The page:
2. Food: When I first move them to their new hovel, I put them in the wooden box part and I block the flapped door so that the fowl get used to their safety zone first. I put their food and water in plastic containers. For how much food. At two weeks I move them off the medicated chick food and onto either chicken crumble or guinea crumble. The feed stores carry these thin long trays that are perfect for many birds feeding at once but really any kind of plastic plate will do so long as it holds enough food to get them through half-all of the day depending on how large it is. I take the food and put it into the large plastic bin from Home Depot, market “Chickens” on the top and sides with black magic marker, and place it inside the rabbit hutch run. Because we live on a farm, we have lots of animals (racoons, mice, skunks, birds, and therefore snakes) interested in the food bin. We found out the hard way that putting the food in a bind that closes tightly and is hard to chew through and is off the ground is the best way to avoid it getting attention and being broken into. If you can keep it safe in a shed or barn that may be an OK option except that then for every feeding you have to drag your scoop of food back and forth to the chicken hutch. So if you can manage to put the bin inside the rabbit run part of the hutch, it protects it while making it fast and easy to feed.
3. Cedar Shavings. Fowl are messy and their poop stinks. Cedar shavings are a controversial solution. I spread a thin layer on the bottom of the boxed in portion of the hutch. I do this not only to mask the smell, but because it allows for nesting and then a quicker clean because the poop isn’t sticking to the bottom of the hutch. However, some say the birds will peck, eat, and inhale the cedar shavings and kill them. I have never had that problem, but there is both sides for you.
4. Phase 3 Shelter.
You have three choices at Phase 3 of what to do next. If you only have a couple of chickens and the hutch is large enough you may consider leaving them in the hutch or letting them free roam during the day and penning them up in the hutch at night (do this by teaching them to feed at sundown when you come out with food that you put in the hutch and they jump up into the hutch to eat and then shut them in). You can let them just free roam. The last choice is to barn and pen them. Because we live in a place with so many preditors roaming around at night, we barn and pen them.
Our farm already had a chicken barn and pen constructed. The barn is tall and fairly thin with nesting boxes off the ground and two roosting poles. It has a door where we enter to clean and collect eggs and three “chicken doors” one at the bottom and two at the top to allow the chickens in and out into the penned chicken yard. At the beginning, I used to open all of the doors and then shut them all at night once the chickens were in the barn. This was after foxes dug under the fence and ate a bunch of the chickens. Lately, mainly because I am lazy, I have been only opening the top door doors so the chickens actually fly in and out of the doors which are too high for a fox to get into (but not a raccoon). The chickens have learned to fly into the barn at nightfall and roost off the ground for protection and that seems to be working. Regardless, the bottom of the barn is cement which is VERY helpful because after I clean up the cedar shavings (yes, I put them on the bottom of the barn too), I cleanse and hose off the concrete to provide more sanity conditions.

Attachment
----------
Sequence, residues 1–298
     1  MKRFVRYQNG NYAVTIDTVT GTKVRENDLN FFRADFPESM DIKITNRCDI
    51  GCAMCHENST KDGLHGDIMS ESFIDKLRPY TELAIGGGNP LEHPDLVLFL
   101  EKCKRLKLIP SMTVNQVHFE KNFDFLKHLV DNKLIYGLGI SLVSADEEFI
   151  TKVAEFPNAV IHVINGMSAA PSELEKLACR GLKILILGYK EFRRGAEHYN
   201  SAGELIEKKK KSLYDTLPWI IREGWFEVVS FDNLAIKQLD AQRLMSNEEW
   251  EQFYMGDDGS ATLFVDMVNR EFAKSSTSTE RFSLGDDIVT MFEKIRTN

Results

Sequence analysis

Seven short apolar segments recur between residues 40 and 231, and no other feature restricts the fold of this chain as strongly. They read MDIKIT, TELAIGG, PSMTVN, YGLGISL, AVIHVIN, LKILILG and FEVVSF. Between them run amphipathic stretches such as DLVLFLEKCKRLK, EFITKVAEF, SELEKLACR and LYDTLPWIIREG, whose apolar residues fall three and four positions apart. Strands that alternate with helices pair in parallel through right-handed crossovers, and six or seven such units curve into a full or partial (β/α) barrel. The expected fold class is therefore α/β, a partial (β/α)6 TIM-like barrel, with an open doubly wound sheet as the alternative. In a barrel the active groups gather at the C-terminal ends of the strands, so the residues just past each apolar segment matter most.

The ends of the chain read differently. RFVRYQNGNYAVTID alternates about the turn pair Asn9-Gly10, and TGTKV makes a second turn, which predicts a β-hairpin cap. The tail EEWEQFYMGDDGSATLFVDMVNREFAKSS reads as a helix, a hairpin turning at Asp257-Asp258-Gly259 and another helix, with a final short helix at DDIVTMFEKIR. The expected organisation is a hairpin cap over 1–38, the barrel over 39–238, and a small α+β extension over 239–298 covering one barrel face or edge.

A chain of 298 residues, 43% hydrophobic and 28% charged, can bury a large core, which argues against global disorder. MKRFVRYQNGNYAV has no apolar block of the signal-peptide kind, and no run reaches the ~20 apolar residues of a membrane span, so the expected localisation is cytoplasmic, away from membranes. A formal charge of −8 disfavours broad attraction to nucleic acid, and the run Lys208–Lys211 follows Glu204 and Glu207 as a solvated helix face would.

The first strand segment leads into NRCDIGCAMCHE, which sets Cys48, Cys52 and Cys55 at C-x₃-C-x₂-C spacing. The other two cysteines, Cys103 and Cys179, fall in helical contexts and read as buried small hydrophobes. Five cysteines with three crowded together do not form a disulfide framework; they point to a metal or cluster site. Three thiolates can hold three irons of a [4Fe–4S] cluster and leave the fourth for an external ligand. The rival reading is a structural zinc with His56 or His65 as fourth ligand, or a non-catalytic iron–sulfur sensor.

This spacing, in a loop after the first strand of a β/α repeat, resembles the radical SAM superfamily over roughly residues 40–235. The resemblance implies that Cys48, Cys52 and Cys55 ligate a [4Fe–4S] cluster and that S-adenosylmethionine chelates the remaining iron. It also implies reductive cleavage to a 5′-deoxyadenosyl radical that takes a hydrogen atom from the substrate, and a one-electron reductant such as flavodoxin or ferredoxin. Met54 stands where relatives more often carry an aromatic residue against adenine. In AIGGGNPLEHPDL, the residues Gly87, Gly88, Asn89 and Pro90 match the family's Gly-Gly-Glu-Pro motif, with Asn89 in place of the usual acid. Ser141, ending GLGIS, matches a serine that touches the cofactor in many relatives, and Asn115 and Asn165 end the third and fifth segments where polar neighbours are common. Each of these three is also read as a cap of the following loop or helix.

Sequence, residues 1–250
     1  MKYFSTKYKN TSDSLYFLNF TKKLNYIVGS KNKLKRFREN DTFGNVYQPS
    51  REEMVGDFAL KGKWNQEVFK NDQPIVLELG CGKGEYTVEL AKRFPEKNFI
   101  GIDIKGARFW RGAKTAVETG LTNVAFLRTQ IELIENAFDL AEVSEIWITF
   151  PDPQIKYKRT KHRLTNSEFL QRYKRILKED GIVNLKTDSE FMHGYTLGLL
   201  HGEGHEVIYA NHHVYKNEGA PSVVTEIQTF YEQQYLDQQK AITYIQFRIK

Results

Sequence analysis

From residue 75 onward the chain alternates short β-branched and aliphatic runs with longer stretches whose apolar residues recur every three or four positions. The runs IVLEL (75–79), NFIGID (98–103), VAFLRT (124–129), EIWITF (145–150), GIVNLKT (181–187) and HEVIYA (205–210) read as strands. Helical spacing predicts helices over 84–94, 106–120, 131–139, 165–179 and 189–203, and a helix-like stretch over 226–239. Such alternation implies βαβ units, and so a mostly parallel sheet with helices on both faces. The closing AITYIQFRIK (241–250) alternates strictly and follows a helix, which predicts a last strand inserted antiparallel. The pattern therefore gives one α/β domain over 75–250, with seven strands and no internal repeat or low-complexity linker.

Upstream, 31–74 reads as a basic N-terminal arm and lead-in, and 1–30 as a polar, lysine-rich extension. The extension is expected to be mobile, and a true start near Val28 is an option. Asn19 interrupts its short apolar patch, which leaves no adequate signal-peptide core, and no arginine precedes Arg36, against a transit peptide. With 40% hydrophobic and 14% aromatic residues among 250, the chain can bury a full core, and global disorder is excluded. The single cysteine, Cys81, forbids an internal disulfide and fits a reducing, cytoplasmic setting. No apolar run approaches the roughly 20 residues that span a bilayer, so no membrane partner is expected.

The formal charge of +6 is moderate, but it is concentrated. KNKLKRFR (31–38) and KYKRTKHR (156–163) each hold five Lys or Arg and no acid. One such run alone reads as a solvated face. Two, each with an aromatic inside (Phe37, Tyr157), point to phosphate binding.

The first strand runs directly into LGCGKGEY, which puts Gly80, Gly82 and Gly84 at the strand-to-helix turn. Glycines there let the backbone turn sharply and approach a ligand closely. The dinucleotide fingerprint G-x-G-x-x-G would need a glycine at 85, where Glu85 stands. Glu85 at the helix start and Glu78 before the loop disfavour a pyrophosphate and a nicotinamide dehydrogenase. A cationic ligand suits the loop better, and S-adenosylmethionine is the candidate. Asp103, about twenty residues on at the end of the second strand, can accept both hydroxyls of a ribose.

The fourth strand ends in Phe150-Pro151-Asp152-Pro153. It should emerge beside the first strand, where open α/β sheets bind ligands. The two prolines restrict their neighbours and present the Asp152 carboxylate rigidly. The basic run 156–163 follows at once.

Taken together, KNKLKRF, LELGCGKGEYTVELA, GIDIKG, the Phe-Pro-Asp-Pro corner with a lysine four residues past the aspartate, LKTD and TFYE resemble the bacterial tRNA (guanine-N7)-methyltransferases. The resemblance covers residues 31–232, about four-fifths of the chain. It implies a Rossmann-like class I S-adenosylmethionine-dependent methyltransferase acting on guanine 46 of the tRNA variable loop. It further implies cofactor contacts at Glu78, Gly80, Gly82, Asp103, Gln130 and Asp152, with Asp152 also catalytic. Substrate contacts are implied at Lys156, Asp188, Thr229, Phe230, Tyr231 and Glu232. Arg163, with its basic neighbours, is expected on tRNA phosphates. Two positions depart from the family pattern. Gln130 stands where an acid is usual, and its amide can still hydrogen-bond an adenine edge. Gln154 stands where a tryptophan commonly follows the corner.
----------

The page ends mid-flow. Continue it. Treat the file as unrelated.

The fence is metal and about 4 feet tall. It has netting covering the top in a tent like fashion. This keeps the chickens from getting out. However, our suggestion is to place some kind of metal or wood barrier at the fence base for animals that dig under fences. We ended up taking metal coat hangers and cutting them into long pieces that we inserted at the bottom of the fence line to make it harder to dig under (they are almost like stakes).
5. Phase 3 Nesting.
Our barn has some nice nesting boxes but when I accidently forgot a bale of cedar shavings in their barn that became the communal nest. It has worked beautifully. The chickens each take their turn laying and nesting and at the end of the day I get to collect all the eggs from one very clean place. My suggestion is for you to create the same kind of nest and encourage the communal laying.
Also, you need a container to collect the eggs. I actually just use our Easter basket. You don’t need anything fancy, just something that can support and keep the eggs from cracking as you put them in.
I collect the eggs once a day in the evening when I put the chickens up. After I collect them I bring them inside and rub them down with an egg wipe which gets any gook or bad bacteria off them. We ordered 50 egg cartons from eggcartons.com, stamp them with a pretty blue nest stamp, mark them “Candy Hill Farm” and gift or sell them to friends. Each chicken will lay at least an egg a day so if you have 12 chickens, you have a dozen a day.
But one thing I will tell you as a “didn’t eat eggs before I moved to the farm” kind of girl….. once you taste the goodness of fresh eggs… all the work and cost is totally worth it.